Please stop teasing me with the tantalizing promise of ever seeing work from top writers, directors and actors created directly for the web.
For years now, the above note could be said to neatly sum up the feelings of the creative community that is Tinseltown. For top talent, the web was a place to fool around, not cash in.
This week, one of Hollywood's top digital agents looked to help Tinseltown cash in on the web: United Talent Agency digital head Brent Weinstein is leaving the shop that represents movie stars such as Vince Vaughn and Johnny Depp to become the CEO of 60Frames Entertainment, a new company dedicated to handling the financing, ad sales and syndication of "professionally produced online content." The company, in other words, will help established movie and film talent create content specifically for the web.
Spot Runner involved
The 60Frames venture is backed by $3.5 million in institutional and individual investors, including Tudor Investment Corp. and the Pilot Group, the latter of which was co-founded by former AOL Chairman Bob Pittman. The new venture has also got the support of the Los Angeles-based online-ad agency Spot Runner, which will handle ad sales for the company's projects. (CBS Corp., along with WPP Group and Interpublic Group of Cos., also have investments in Spot Runner.)
"We wanted to make it so that artists who are busy with film and TV careers can get in and get out, easily," said Mr. Weinstein, adding that "it shouldn't be as hard to make an internet deal as it is to make a film or TV deal."
Mr. Weinstein touts 60Frames as providing content creators with "speed to market" -- an alacrity that comes in part from its being "distribution agnostic," or willing to syndicate its content through "top video portals, social-network websites, mobile and emerging broadband outlets."
Of course, whether those outlets will be willing to deal with a company that gives artists greater ownership over their intellectual property (as well as participation in revenue streams like advertising) is an open question. But if major stars can be persuaded to fool around online for fun and profit, 60Frames may well be a potent force for change in Hollywood.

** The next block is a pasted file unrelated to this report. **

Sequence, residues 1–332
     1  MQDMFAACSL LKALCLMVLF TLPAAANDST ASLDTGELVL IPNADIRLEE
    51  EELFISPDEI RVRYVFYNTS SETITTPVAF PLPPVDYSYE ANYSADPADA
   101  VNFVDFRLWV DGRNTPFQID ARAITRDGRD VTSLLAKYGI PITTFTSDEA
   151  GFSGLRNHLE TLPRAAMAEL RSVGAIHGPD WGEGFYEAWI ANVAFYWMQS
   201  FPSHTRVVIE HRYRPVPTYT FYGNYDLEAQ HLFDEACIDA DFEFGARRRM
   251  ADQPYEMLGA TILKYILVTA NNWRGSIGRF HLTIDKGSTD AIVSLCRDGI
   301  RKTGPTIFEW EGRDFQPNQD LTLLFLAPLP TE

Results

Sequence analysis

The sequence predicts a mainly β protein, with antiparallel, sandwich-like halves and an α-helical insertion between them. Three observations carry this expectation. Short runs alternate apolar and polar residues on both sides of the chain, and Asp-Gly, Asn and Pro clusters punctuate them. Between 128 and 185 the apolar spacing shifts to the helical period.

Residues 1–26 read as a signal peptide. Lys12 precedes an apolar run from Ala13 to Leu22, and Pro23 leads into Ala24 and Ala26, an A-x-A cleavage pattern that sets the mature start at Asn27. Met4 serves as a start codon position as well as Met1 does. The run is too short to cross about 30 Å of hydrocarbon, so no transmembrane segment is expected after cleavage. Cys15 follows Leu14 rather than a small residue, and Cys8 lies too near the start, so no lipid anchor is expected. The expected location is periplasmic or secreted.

The union question
Also unclear is how Hollywood's labor unions will react. Efforts by the Screen Actors Guild and Hollywood's agents to salvage a six-decade-old master franchise agreement fell short in 2002, meaning that agencies could potentially invest in production companies -- previously a verboten practice for agents. (United Talent Agency, for its part, declined to disclose its exact stake in the new venture, and was careful to call 60Frames a "financing entity" and not a production company.)
As to its immediate plans, Mr. Weinstein is circumspect, saying only that the venture will initially focus on short-form comedic productions, and that 60Frames will announce partnerships with portals and advertisers in the weeks to come. Comedy has long been United Talent Agency's strong suit, representing top comedic actors such as Martin Lawrence and powerhouse writer-directors like Judd Apatow ("Knocked Up," "The 40 Year Old Virgin.")
UTA clients Joel and Ethan Coen ("Oh Brother Where Art Thou?" "Fargo") will be the first talent to have content syndicated via 60Frames.
But for advertisers, the appeal of letting the professional funny men tell the jokes is obvious.
"Many of Spot Runner's clients want to participate in online entertainment but are not comfortable with the brand risks associated with user-generated content," said Nick Grouf, CEO of Spot Runner. "60Frames provides companies with an ideal way to connect with their customers through original, top-notch content created by leading Hollywood talent."